STANDING COMMITTEE ON PUBLIC ACCOUNTS
COMITÉ PERMANENT DES COMPTES PUBLICS
Thursday 18 December 2003 Jeudi 18 décembre 2003
The Chair (Mr Norman W. Sterling): OK, I'm going to call the meeting to order. I recognize a quorum. We have a couple of substitutions today. Mr Yakabuski is here for Julia Munro, and the other one is Mario, but I'm not recognizing him as a -- no, we'll recognize him as well.
The Chair: As you know, we changed the standing orders this week, having the NDP have a member on the subcommittee. I believe we have a motion to appoint a member from the NDP to the subcommittee list.
The Chair: The second part of business that we're going to deal with today deals with our subcommittee meeting, which we had yesterday, which was attended by Ms Martel, even though I guess she wasn't formally a member of the committee. We were able to agree on all matters, so that there was no need for any kind of vote or anything like that in the subcommittee. We discussed those matters which we were going to examine from the auditor's report of last year, and we're going to be doing those discussions in February.
After some discussion, we settled on some dates in February for our hearings: Starting on February 9, sitting for four days of that week, from the 9th to the 12th; from the 16th in the next week to the 19th; then, because the Liberal caucus is having some kind of conference in Windsor from the 20th to the 22nd and some members may be staying in Windsor on the 23rd, we decided that we would sit on the 24th, being the ninth day of our hearings. So our present schedule is that we have four days from the 9th to the 12th, four days from the 16th to the 19th, and the 24th.
The House leader will be asking, I believe, today for this committee to have permission to sit 12 days. If for some reason we are unable to complete our business by the 24th, it would be likely we would be looking to go to the 25th. So I would just ask you to keep the 25th open on your schedules, as well as the other dates.
As we talked about before, we can substitute people in to the committee. This committee really doesn't lend itself well to substitution, because the writing of the report can come, in its final form, two or three months after we would have the hearings in February. So if you are going to be away, it will cause some difficulty in your participation later in the discussions on the report, because you won't be there first-hand when we have the deputy minister and the ministry in to explain what happened in the auditor's report.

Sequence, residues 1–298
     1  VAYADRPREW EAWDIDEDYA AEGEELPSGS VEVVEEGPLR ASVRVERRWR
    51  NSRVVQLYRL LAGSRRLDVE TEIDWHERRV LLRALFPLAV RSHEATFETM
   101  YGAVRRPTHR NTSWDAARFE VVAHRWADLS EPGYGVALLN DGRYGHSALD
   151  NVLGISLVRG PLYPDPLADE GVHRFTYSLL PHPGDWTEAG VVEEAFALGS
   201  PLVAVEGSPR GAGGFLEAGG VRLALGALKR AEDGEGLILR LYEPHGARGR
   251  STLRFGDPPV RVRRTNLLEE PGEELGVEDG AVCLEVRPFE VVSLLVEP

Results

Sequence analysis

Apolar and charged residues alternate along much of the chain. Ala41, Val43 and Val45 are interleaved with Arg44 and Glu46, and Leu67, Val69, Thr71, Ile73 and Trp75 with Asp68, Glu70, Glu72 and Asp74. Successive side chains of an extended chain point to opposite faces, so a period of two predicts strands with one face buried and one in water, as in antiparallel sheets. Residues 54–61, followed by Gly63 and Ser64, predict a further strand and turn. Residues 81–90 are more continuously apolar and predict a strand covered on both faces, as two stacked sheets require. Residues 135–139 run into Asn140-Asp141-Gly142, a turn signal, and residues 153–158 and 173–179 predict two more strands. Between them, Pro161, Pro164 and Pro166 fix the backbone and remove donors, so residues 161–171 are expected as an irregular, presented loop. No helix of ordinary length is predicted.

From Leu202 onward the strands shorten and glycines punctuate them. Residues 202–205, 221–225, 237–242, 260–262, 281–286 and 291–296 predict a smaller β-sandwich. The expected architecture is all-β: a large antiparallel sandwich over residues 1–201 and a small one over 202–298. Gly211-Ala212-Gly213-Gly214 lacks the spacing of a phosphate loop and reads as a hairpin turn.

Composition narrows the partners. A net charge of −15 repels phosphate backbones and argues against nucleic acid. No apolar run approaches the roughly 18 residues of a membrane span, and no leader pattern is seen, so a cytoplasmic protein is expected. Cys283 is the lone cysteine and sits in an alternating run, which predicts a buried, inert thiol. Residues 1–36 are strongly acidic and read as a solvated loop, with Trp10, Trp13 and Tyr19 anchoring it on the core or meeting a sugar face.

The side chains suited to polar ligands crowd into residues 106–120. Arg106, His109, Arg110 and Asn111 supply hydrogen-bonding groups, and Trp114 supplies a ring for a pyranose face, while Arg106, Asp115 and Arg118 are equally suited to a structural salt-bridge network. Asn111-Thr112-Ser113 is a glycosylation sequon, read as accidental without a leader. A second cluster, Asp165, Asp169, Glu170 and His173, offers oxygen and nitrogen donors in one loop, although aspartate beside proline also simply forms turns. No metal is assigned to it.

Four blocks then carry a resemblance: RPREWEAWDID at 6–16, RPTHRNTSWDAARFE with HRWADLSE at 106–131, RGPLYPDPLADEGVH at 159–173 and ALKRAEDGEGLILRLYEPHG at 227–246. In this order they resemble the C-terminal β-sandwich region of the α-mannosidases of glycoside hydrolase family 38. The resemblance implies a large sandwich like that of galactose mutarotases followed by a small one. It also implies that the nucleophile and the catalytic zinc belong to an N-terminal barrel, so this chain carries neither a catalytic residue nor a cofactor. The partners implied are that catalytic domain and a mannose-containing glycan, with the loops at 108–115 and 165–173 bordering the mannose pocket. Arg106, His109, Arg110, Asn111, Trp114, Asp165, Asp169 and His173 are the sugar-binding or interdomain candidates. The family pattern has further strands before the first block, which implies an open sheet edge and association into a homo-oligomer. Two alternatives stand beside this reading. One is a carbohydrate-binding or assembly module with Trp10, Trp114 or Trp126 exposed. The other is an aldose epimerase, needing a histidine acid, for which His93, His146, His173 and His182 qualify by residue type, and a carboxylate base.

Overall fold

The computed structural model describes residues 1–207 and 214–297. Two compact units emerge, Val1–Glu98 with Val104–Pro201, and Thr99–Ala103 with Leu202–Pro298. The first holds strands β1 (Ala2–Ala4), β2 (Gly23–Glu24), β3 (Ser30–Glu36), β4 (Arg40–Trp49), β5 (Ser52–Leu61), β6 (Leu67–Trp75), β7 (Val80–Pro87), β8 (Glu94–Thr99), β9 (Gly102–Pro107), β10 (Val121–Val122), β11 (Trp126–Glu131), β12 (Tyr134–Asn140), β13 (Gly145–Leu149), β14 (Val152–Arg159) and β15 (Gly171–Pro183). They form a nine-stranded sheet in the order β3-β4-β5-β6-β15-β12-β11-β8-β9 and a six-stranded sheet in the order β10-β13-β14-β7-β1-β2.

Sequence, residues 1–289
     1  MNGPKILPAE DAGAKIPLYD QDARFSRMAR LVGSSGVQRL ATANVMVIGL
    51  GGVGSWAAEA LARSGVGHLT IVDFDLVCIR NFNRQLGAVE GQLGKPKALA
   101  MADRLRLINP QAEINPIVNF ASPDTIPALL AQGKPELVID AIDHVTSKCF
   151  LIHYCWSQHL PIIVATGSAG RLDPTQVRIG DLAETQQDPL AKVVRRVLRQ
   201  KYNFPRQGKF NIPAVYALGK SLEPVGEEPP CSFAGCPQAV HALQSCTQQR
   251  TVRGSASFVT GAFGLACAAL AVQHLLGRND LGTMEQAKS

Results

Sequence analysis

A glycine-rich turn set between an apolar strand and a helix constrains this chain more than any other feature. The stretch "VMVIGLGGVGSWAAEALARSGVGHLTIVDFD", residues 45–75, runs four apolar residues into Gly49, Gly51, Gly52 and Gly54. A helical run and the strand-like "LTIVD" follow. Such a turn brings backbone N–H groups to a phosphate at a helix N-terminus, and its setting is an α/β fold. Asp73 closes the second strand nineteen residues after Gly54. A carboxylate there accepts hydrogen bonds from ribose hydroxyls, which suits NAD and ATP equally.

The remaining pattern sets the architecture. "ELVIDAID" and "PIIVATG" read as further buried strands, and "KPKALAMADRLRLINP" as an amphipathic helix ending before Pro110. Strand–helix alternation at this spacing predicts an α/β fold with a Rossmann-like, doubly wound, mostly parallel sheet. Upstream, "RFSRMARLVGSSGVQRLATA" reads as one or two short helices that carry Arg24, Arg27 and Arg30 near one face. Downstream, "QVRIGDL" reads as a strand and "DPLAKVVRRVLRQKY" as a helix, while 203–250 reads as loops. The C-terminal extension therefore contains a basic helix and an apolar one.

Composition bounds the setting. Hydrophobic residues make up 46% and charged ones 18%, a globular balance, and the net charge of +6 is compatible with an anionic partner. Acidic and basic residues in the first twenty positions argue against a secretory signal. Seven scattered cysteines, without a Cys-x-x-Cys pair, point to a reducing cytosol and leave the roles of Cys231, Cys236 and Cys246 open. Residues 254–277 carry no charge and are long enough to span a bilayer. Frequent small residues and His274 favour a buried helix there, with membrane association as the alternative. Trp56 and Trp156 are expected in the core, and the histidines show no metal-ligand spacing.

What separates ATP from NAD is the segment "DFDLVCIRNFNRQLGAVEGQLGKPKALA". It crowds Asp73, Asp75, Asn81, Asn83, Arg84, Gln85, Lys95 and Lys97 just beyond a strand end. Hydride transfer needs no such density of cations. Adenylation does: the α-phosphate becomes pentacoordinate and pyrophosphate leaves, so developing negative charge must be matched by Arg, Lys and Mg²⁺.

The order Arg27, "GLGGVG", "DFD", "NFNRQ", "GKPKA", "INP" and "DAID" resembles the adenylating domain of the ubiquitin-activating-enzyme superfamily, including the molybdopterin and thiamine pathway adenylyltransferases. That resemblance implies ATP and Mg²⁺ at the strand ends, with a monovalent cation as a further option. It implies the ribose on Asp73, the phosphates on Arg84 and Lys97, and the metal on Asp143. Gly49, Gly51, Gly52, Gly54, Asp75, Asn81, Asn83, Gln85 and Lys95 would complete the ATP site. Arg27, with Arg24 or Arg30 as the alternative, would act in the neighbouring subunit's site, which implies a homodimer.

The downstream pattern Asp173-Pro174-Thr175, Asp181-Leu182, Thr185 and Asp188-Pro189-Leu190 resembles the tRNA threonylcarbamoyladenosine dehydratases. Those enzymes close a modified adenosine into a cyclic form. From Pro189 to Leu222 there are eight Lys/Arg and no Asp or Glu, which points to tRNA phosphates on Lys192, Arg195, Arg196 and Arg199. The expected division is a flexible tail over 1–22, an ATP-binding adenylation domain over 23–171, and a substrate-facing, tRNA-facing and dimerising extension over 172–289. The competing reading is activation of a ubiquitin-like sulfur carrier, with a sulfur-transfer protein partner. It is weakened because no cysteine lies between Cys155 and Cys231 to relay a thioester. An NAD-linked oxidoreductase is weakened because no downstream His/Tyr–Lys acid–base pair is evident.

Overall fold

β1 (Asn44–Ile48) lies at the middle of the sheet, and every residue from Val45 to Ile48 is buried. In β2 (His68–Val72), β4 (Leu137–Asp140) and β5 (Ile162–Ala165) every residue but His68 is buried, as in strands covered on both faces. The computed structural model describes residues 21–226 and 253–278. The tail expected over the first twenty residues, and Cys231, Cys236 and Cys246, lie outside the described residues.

Ms Broten: Mr Chair, on section 3.02 and section 3.03, I guess we will really be calling the current Ministry of Community and Social Services, given that Children's Services are moving out; the proper name would now be Community and Social Services.
The plan, in terms of the practicality of the meetings, is that we're planning to meet at 10 o'clock in the morning to start the meeting. We'll have a half-hour briefing by the auditor and then we'll call the ministry to be here. Normally the deputy shows up. They consider this a very serious process, so they will be here and they will be explaining what they've done to remedy the criticism in the auditor's report. Hopefully, at around noon we will break for lunch. Then we will come back in the afternoon. We will extend it, if there are still additional questions we want to ask of the particular ministry. If not, we will then talk with Ray and the other people involved in the research and discuss what kind of recommendations the committee might want to work around, what our summary of the particular meeting might be, and then, I'm told in previous years, normally we adjourn around 3 o'clock in the afternoon. That's the normal day here.
On Thursdays, we will probably be discussing -- as you can see on the motion that has been put in front of you, there's a motion for sections 4.08 and 4.09. These are "report backs" so that they are on previous auditors' reports that they're reporting back. They tend to be shorter in duration. The hearings and explanations tend to be more clean-cut because they are older in nature. We will be putting those on the two Thursdays, so we'll start at 10 on Thursdays. The plan is to have lunch either in an adjacent room or close to here, where we may be able to talk with the researchers about what we want to do out of that. So hopefully we can be out of here a little bit earlier than 3 o'clock on Thursday afternoons so you can go back to your constituencies a little bit earlier than normal.